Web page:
By: George Robinson
Standfirst: The season is all but over with the conclusion to the National Championships successfully completed and only their prize presentations left to attend. At club level the battles are set to continue up until mid-December in some cases.
In the mean time it’s showtime! Kartmania is due to happen any minute now. This year’s event is due to be bigger and better than before with some new and returnee exhibitors as well as a swanky new venue at Silverstone.
JAG Engineering is delighted to be headline sponsors of the event. Martin Capenhurst has been working exceptionally hard to make a success of the show, so please come along and see the latest and the best in our sport on the 17th and 18th November.
Immediately after the show there is the Rotax World Finals, which is being held in Portimao, Portugal over the last weekend in November. Once again we have a strong contingent of drivers, our numbers swollen by the success of the Brits at the Euro Max Challenge. Lets hope that we can carry this success through to bring home the World titles as well.
We have been visiting as many Club race meetings as time permits and can report that despite rumour to the contrary numbers are holding up well. Constant media coverage of double dip recession and economic gloom do nothing to help. Accentuate the positive and minimize the negative is an old adage but more perhaps appropriate today than ever before.
At Dunkswell’s final round there were just about 100 entries, 48 of which were Rotax but more importantly 34 were Cadets. The vast majority of these were Hondas. This is a common trend we must all make the effort to keep these young drivers interest in the sport alive. They are our future.
From a Rotax Max standpoint the market in this country is enjoying great stability. There are no major changes in the pipeline with the possible exception of the much-reported new crankcases. Yes there will be new cases coming out but there is no release date as yet and there is no official test data available either, everything that you may have heard is nothing more than rumour.
It is the time of year when a few people get caught out by an early frost and a cracked cylinder due to plain water being left in the engine. In the UK the use of coolant is allowed, that is why the radiator catch bottle is mandatory here and not in other countries. There are now coolants on the market that actually run cooler in hot conditions than water, so there should be no real need to have just plain water in the engine. Because engines are usually kept indoors even a low level of anti-frost protection should suffice. It is often the case that an engine in a van at a circuit is the most susceptible to damage.
If you are one of the sensible ones that lays your kart up for the winter months it is a good idea to take it off the kart clean it until it sparkles and then spray it with a WD type product that is a light lubricant but more importantly a moisture inhibitor. Also leave clean coolant in the radiator. This will protect the engine’s aluminium on the inside. All modern coolants are alloy friendly. If possible keep the engine in a relatively warm but definitely dry environment. The same goes for the Carburettor. A Carb. can never be too clean! If in doubt give it to your local friendly service centre to service, a liberal spray with WD and then put it in a self-seal plastic bag. It will be ready and waiting for you if and when the sun comes out in March!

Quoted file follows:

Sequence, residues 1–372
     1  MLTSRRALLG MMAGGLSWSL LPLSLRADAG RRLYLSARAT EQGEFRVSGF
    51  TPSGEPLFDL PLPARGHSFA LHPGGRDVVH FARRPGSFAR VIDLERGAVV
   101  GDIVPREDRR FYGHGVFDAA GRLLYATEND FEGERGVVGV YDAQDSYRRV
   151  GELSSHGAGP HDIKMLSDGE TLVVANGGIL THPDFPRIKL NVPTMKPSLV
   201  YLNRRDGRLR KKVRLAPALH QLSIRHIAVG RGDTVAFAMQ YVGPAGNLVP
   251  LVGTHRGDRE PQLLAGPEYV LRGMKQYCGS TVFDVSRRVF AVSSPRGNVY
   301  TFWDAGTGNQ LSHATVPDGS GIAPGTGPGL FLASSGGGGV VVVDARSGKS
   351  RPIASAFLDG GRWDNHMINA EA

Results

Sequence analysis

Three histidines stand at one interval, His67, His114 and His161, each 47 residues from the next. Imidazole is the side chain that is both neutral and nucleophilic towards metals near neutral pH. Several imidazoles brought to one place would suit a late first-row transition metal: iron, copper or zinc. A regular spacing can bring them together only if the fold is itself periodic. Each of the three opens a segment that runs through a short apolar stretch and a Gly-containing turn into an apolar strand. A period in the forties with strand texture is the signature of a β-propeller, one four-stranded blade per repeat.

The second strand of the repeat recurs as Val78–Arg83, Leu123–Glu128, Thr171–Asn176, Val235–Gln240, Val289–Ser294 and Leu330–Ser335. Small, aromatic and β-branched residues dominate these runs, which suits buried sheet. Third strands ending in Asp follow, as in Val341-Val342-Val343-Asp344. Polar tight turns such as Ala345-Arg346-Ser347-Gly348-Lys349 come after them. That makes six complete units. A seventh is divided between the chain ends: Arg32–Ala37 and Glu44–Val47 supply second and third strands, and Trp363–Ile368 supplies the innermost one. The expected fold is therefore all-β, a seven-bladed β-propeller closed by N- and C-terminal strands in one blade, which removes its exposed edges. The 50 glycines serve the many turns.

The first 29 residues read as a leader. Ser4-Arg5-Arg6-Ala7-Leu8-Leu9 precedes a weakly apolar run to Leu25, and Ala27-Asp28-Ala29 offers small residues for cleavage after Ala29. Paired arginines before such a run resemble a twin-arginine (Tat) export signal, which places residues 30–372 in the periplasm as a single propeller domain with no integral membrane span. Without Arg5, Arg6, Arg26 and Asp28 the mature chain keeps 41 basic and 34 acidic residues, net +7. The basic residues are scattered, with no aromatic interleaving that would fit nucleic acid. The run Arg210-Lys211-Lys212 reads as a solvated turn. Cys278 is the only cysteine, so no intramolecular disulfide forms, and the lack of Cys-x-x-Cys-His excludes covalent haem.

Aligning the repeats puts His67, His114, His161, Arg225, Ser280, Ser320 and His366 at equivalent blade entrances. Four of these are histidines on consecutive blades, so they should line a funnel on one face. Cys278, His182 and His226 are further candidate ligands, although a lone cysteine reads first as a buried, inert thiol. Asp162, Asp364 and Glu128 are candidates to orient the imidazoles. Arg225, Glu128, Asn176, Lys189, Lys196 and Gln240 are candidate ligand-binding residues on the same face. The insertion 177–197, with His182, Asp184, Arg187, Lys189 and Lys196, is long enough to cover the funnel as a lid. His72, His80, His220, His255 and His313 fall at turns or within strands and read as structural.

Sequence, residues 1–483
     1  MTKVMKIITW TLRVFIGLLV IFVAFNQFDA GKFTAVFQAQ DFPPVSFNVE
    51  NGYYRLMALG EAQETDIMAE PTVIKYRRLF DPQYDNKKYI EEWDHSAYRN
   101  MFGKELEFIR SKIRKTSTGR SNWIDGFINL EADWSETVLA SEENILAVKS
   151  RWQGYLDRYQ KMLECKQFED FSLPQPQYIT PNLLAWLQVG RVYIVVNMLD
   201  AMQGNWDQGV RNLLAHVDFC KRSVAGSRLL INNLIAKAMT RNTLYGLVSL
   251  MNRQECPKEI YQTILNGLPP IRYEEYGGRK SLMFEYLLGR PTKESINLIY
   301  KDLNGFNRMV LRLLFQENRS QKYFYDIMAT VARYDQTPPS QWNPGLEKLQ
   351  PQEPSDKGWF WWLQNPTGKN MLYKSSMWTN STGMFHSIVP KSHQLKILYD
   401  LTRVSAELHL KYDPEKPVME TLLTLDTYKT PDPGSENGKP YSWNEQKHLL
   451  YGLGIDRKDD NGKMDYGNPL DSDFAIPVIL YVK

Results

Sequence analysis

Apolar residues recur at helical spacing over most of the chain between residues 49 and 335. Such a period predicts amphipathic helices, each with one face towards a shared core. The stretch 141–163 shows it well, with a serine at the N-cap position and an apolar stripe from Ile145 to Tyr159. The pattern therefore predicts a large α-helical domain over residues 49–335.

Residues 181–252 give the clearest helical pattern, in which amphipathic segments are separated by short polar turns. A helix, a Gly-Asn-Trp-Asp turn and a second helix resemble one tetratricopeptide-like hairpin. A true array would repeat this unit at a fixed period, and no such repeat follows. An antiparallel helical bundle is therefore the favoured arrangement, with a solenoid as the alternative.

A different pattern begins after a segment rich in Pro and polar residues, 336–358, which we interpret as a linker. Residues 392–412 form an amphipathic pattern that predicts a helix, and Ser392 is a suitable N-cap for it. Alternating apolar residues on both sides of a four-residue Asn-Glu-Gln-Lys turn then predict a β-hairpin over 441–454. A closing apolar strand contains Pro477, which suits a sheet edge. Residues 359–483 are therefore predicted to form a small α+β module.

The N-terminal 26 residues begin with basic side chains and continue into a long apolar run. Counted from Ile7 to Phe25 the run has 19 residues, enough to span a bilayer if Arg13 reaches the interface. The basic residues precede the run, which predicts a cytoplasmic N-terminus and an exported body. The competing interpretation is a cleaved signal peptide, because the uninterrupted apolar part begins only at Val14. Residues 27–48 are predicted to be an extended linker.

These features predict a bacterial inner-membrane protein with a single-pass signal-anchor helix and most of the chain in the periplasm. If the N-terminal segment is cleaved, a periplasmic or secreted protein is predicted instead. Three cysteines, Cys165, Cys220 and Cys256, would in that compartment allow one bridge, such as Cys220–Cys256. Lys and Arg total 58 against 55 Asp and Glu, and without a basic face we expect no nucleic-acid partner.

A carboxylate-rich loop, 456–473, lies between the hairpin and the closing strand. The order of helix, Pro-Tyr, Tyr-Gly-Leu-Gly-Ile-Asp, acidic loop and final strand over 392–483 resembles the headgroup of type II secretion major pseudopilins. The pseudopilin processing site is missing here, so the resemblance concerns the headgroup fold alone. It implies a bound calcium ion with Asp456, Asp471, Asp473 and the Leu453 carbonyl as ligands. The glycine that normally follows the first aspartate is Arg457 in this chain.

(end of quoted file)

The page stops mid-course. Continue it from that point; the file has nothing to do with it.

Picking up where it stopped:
Another good end of season check is the wiring loom. Often overlooked and occasionally the source of anguish! The loom can easily become damaged if it is allowed to chafe or indeed make contact with the ground. An intermittent misfire is the most likely product of a damaged loom. More serious is a dead short that could burn out the wiring, ignition coil or battery. The loom is not a hugely expensive item but why need a new one when a bit of care would stop the problem before it happens. A bit of a health check for the rest of the electrical components ids not a bad idea at the same time. The battery should be kept charged to avoid a low voltage cell failure. It is vitally important that the correct charger is used for the job. The standard battery is a sealed lead acid type and this is the type of charger that should be used. The Rotax supplied charger does a very good job without jeopardising the battery. It is also suitable for the new lightweight battery supplied by Rotax, which is Lithium Phosphate. Any Lithium battery must be charged with an appropriate charger. There are many proprietary brands of charger on the market just be sure that yours is compatible with the battery. The lithium batteries are reliable if correctly treated but they are more susceptible to damage from incorrect charging.
Exhaust systems; both types, welded silencer and the latest “springs over” types are to remain legal for next year at least. Eventually it may be necessary to outlaw the old type, but only when it has been out of production for many years. From January it will be permitted to install the extra steel isolation mat. This comes with very specific instructions and must be used in conjunction with the full sheet of the existing wadding. The steel mat definitely improves the life of the wadding and probably the baffle tube as well. There is no performance loss and improved exhaust reliability. A win-win situation for very little outlay. When refitting the baffle tube always use high tensile bolts with “Nyloc” nuts. Most service centres will stock these, little button head M4 bolts are the neatest, but you may need to go to M5 if the holes in the silencer are too big. The original rivets are steel and last a long time. Most pop rivets are alloy and will fail in no time at all.
Kartmania is the next thing on the agenda. Please come along to see us, or for a bit of sport you could heckle at one of the Rotax seminars.